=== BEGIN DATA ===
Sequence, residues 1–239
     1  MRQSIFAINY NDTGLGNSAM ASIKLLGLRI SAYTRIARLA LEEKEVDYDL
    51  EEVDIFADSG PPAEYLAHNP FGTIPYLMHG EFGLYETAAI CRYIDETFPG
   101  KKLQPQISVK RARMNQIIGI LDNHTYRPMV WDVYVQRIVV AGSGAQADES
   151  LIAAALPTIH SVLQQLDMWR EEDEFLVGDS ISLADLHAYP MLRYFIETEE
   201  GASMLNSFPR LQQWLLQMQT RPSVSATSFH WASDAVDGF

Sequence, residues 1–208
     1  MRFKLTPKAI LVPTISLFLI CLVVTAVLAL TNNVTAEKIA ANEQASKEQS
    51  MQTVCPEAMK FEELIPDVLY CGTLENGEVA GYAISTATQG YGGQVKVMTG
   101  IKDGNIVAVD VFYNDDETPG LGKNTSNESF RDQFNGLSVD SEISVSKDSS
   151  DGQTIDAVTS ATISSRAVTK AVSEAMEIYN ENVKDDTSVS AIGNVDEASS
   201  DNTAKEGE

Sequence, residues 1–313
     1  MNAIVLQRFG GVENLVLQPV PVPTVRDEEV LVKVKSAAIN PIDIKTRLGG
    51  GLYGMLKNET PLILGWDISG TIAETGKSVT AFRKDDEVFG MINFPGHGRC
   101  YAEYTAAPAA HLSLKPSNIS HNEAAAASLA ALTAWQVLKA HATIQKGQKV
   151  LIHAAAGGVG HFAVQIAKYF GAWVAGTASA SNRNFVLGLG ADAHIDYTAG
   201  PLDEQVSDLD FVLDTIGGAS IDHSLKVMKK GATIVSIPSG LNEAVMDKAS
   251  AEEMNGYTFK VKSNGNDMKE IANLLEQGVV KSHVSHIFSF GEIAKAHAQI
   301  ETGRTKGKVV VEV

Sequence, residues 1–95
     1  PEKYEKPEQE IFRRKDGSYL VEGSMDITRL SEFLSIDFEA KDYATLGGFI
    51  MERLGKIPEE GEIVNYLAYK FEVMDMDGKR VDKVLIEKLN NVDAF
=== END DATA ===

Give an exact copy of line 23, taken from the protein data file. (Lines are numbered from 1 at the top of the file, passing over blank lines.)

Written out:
    51  MERLGKIPEE GEIVNYLAYK FEVMDMDGKR VDKVLIEKLN NVDAF